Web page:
There are no secrets in a loft.
Privacy is elusive. You can duck behind a Chinese screen, crouch in a corner somewhere, camp out in a bathroom, retreat to an upper level. But in terms of a room of one’s own—well, would you settle for a niche?
On the other hand, lofts represent exciting, vibrant and stylish urban living, especially if living in the thick of things, within easy walking distance of life’s abundant entertainments, is what you’re looking for when you’re shopping for a home.
In Long Beach, Downtown is Ground Zero for loft living. The Kress Lofts, where the style started with the completion of its conversion from its long career starting in 1923 as 5-10-25-Cent store to a 49-unit loft building in 1992.
For the Kress, it was a long, slow transformation. The store closed in 1960 at the beginning of Pine Avenue’s long fall into disuse and decay, and it sat there doing nothing except symbolizing Downtown’s demise until a developer with uncertain dreams bought it in 1980, stripped down its exterior and interior and then abandoned it until the Long Beach architecture firm Interstices acquired the building and its leading architect Jonathan Glasgow carved it into lofts.
“When we got it, it was down to concrete. Even the windows were gone,” said Glasgow. It took a long time even to get the city to OK the Kress conversion, he said. “The Planning Department at the time wanted to tear it down and make it a parking lot.”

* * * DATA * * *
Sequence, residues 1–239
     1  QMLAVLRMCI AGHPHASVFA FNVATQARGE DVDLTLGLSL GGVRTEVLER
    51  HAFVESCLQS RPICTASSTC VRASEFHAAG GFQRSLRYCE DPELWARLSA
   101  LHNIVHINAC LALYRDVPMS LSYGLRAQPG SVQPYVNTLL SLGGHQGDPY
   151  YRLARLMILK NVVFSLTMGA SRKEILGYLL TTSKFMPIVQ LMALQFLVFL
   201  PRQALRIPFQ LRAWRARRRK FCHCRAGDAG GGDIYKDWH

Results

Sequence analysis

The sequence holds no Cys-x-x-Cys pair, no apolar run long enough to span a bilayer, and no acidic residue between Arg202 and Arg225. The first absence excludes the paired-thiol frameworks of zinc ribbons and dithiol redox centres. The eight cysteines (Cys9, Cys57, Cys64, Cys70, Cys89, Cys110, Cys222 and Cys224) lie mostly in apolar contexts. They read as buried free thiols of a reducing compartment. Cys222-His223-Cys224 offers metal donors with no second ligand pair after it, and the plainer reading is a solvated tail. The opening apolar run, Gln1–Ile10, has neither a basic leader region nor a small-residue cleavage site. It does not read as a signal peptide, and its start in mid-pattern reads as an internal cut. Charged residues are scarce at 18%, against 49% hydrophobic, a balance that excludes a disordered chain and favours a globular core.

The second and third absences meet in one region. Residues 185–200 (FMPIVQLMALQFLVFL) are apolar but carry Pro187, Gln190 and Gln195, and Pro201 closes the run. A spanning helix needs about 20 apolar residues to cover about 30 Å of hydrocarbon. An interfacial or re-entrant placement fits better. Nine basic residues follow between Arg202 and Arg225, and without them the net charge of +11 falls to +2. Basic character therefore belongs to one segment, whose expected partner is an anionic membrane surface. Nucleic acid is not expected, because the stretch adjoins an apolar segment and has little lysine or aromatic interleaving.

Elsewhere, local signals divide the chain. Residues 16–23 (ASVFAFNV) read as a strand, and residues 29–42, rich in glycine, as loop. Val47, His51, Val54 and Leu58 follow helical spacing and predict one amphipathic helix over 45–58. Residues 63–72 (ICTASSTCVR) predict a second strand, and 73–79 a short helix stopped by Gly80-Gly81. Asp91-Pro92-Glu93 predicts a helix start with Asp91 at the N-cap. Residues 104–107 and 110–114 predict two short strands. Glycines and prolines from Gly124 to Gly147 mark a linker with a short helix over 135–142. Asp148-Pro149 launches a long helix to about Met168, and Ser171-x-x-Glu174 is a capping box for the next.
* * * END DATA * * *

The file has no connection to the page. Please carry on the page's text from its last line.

Further adding to the problems in the early years was just getting people to buy in at the Kress Lofts. “The conversion was one of the first of its kind in the state and buyers had trouble getting financing to buy a loft because there were no comps from similar places,” said Glasgow.
Things went more smoothly in Downtown’s trend toward loft-conversion after Glasgow managed to get the Kress off the ground and got its units sold. (Hot-rod/chopper customizer Jesse James, and Daniel and Suja Lowenthal bought the building’s two penthouse, and others followed). Glasgow/Interstices did loft conversions at the Walker Building just south of Kress, the Courtyard Lofts at 849 Pine Ave. and the Insurance Exchange Lofts at 207 E. Broadway, among others.
Realtor Beatrix Whipple was kind enough to take me on a tour recently of several Downtown lofts. Most are now on the market, and most at relatively low cost (relative, that is, as compared to single-family homes).
Recently sold for just $557,000 in cash (“Probably the lowest price loft for a while,” said Whipple, though we would see one later at the Kress for $20,000 less) was a Courtyard Loft with a two-story-high ceiling and exposed wood beams plus an upper floor with a sleeping area (as opposed to a bedroom, as lofts don’t have rooms in the sense we’ve come to know a room).
Typical of loft life, the 1,239-square-foot place has polished concrete floors and frosted glass windows to let in soft natural light, while keeping out the not-always-enjoyable views of the street on North Pine Avenue, which still hasn’t exploded into the successful district the area has been pushing for over the past six decades. There is, however, a Rose Park Roasters coffee shop across the street, which is a selling point to the extent that you enjoy coffee.
The homeowners association fees are $401 a month.
Walking east, you come to the Temple Lofts, a building sort of notable in that Glasgow wasn’t among the team that converted the former Masonic Temple into lofts, supplemented by two new towers.
We dropped into the loft-opposite of the Courtyard property with a sixth-floor penthouse offering that’s recently dropped in price from a smidgen over $1 million to a smidgen below $1 million (for a total drop of two smidgens) at $995,000. Don’t worry; you’ll hit a million pretty soon with your $655 HOA fees.